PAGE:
The request, however, has not been popular with either New Delhi nor other members of the G-33 group of developing countries, who say such a condition was not agreed at last December’s ministerial meeting in Bali.
At that event, WTO members had agreed on a pact to streamline the movement of goods across borders by upgrading infrastructure and cutting down transaction times.
The US and EU had at the time promised to allow India to allocate food procurement subsidies without sanctions as a short-term measure. India, in turn, had promised to work on a long-term solution to the problem over the course of this year.
The Western trade powers have asked India to explain the means with which it can establish that the recipients of its food support are poor farmers.
Speaking to Business Line, an unnamed Indian commerce ministry official said: “These are all diversionary tactics used by developed countries, especially the US, to delay progress in a key area of concern for developing countries.”
The US, EU and several other countries, including Australia, Brazil, Canada and Pakistan have also raised concerns about India’s wheat programme.
With around 800m Indians below the poverty line, India views a higher level of farm subsidies—fixed at 10%—as essential as the country could surpass a lower limit once its food security programme is implemented.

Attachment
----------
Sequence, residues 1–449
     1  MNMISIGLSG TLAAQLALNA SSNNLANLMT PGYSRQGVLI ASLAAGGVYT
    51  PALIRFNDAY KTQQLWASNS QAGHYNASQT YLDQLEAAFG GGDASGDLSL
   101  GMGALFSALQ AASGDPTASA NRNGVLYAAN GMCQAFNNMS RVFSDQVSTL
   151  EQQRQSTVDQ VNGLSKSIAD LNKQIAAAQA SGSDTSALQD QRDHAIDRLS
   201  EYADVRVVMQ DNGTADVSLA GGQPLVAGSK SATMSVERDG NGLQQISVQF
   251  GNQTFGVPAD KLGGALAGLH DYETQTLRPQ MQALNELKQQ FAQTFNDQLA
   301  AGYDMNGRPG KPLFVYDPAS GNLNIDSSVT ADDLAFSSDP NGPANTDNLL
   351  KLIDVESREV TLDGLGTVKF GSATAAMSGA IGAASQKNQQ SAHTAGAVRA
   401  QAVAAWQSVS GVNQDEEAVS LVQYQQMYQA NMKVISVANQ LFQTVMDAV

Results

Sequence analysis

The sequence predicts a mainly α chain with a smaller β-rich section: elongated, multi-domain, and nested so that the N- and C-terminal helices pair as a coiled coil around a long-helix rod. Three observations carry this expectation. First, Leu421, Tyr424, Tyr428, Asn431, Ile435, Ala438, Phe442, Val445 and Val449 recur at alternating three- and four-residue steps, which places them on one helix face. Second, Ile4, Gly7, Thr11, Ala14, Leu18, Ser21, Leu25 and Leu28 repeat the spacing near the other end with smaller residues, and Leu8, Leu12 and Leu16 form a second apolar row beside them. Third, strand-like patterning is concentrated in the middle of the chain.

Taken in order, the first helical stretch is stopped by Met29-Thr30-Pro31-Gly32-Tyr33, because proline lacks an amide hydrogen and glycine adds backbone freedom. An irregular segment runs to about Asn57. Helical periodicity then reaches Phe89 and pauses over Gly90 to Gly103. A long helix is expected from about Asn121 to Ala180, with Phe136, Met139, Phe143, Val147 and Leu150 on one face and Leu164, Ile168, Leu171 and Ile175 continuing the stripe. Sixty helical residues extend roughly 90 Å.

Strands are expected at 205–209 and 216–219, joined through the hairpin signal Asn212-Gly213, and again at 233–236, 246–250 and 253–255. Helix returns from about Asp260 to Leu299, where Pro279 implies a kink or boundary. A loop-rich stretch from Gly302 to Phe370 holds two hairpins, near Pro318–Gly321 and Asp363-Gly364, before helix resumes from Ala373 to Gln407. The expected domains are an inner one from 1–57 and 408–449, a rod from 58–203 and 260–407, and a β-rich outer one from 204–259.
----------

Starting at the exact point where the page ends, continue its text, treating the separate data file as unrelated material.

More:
India’s position on the matter is still hanging, and the country risks action by any member of the WTO that is not satisfied by the data they have received from the country on prices, subsidies and the procurement of agricultural items.
Last week, Rajeev Kher, India’s commerce secretary, said that India was unhappy that some countries were not allowing talks on food security to begin even though WTO members had made progress on easing agricultural trade.
New Delhi has demanded that work on all issues agreed to in Bali, including the package of incentives for least developed countries, move at the same pace.